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Revolutionizing Perfomance Management

Dan Kuebrich

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Top Stories by Dan Kuebrich

Many types of performance problems can result from the load created by concurrent users of web applications, and all too often these scalability bottlenecks go undetected until the application has been deployed in production.  Load-testing, the generation of simulated user requests, is a great way to catch these types of issues before they get out of hand.  Last month I presented about load testing with Canonical's Corey Goldberg at the Boston Python Meetup last week and thought the topic deserved blog discussion as well. In this two-part series, I'll walk through generating load using the Python multi-mechanize load-testing framework, then collect and analyze data about app performance using Tracelytics. Also, a request: there's mechanize documentation available, but I unfortunately haven't found any full documentation of the python mechanize API online-post a c... (more)

The Taming of the Queue

A few weeks back webserver request queueing came under heightened scrutiny as rapgenius blasted Heroku for not using as much autotune as promised in their “intelligent load balancing”. If you somehow missed the write-up (or response), check it out for its great simulations of load balancing strategies on Heroku. What if you’re not running on Heroku? Well, the same wisdom still applies – know your application’s load balancing and concurrency and measure its performance. Let’s explore how request queueing affects applications in the non-PaaS world and what you can do about it. Fu... (more)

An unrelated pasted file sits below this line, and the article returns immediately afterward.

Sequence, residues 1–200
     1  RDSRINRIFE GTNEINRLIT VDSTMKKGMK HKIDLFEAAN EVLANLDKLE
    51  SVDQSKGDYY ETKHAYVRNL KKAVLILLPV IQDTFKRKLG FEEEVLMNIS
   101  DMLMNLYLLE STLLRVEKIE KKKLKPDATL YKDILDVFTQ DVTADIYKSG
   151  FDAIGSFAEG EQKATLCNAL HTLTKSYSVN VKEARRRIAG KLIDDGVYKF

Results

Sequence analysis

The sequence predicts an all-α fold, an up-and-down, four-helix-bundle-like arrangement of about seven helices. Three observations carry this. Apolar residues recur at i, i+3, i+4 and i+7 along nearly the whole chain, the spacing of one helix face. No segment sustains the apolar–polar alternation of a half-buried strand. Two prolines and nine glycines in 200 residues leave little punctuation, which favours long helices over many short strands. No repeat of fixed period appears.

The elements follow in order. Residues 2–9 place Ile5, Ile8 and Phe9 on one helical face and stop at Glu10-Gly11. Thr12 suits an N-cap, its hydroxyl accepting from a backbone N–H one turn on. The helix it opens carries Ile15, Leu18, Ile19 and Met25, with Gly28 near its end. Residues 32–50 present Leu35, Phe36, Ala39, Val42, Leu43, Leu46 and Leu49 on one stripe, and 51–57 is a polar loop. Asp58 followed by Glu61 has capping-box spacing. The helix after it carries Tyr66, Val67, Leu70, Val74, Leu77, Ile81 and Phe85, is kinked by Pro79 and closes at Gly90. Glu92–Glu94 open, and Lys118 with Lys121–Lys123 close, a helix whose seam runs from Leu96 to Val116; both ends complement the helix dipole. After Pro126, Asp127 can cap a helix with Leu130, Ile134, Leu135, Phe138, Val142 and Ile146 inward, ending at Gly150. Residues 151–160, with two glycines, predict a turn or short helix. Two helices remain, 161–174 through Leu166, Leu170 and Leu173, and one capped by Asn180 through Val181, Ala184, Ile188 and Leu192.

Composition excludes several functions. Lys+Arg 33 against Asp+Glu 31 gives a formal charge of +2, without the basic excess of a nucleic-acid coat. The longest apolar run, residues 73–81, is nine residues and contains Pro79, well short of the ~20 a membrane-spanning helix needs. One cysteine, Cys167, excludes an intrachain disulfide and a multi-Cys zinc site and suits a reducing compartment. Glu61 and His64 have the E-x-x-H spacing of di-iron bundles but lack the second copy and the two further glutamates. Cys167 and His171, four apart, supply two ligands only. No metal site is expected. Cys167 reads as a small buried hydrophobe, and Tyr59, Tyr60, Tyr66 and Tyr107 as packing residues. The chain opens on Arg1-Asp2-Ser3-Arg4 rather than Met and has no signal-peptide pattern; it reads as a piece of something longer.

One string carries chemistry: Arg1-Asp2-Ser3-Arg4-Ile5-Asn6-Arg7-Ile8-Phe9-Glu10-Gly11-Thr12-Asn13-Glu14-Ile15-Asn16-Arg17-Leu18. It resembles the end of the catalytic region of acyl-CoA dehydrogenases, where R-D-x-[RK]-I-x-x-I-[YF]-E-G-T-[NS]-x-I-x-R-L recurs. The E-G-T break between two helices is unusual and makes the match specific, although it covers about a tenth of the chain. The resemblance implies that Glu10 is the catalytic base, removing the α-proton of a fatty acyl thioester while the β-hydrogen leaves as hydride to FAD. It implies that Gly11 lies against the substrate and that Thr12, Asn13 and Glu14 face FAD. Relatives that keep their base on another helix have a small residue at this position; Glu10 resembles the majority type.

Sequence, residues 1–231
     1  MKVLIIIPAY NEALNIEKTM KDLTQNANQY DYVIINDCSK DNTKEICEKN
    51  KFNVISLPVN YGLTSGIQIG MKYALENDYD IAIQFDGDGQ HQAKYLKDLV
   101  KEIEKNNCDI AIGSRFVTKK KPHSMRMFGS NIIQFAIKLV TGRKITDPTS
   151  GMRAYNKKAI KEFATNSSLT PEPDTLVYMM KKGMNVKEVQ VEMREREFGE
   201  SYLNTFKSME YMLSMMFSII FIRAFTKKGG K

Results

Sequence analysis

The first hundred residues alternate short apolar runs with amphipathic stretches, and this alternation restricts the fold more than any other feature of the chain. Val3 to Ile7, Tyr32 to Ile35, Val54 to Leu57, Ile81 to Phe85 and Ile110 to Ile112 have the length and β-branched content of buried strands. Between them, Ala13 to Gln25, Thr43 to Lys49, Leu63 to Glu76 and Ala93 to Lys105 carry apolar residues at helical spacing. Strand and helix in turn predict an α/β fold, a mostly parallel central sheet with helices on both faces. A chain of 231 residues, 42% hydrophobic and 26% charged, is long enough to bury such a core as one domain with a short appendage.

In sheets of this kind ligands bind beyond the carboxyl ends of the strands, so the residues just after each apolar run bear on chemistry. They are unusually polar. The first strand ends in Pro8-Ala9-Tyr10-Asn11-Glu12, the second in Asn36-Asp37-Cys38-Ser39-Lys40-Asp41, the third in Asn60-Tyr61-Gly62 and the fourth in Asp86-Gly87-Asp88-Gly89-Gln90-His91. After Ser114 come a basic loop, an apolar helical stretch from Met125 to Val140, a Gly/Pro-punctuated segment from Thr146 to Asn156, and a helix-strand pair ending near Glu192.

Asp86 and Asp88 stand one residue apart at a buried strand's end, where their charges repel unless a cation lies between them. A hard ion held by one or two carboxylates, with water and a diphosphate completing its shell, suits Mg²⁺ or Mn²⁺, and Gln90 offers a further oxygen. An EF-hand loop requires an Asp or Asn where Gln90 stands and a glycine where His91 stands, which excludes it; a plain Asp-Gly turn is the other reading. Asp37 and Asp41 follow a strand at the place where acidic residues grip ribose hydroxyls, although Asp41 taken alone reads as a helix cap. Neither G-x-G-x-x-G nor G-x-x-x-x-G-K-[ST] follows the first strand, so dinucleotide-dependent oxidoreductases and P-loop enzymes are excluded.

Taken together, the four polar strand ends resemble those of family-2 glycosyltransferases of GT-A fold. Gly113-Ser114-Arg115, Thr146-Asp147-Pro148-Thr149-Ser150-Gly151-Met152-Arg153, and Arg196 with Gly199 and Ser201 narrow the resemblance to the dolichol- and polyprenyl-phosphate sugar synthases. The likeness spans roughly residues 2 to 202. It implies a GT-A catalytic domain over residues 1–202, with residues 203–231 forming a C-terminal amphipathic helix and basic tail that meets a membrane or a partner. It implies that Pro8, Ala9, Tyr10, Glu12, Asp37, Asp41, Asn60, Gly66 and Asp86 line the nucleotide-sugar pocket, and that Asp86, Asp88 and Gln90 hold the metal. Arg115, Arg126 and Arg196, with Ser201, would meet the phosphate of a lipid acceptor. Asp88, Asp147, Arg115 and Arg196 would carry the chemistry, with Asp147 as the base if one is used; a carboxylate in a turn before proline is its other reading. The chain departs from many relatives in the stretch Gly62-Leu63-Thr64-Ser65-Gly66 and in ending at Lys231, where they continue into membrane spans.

Tracing Celery Performance for Web Applications

Are you using Celery to process Python back-end tasks asynchronously?  Have you wanted to get insight into their resource consumption and efficiency?  Here’s a few useful ways to get insight into Celery performance when running tasks. A simple celery task For a quick review, Celery lets you turn any python method into an asynchronous task.  Here’s a simple one: 1 2 3 4 from celery.task import task @task def add(x, y): return x + y Let’s trace Celery We’ll start with the good stuff. In the latest release of our Python instrumentation, oboeware-1.0, we have an updated API that makes ... (more)

Performing Under Pressure | Part 2

In part 1 of this article, we covered writing web app load tests using multi-mechanize.  This post picks up where the other left off and will discuss how to gather interesting and actionable performance data from a load-test, using (of course) Traceview as an example. The big problem we had after writing load tests was that timing data gathered by multi-mechanize is inherently external to the application. This means it can tell us the response times of requests when the app is under load but doesn't identify bottlenecks or configuration problems. So we need to be gathering a bi... (more)

End-User Monitoring: RUM or Synthetic?

Performance for end-users is the metric by which most businesses judge their web applications' performance: is the responsiveness of the application an asset or a liability to the business?  Studies show that users are growing more and more demanding, while average pageloads are getting bigger and bigger-more than doubling in weight since 2010.  Combine that with frequent releases and updates from marketing, and pretty soon the optimization job is never quite done. Ongoing monitoring application performance from the end-user's perspective is therefore critical; fortunately, ther... (more)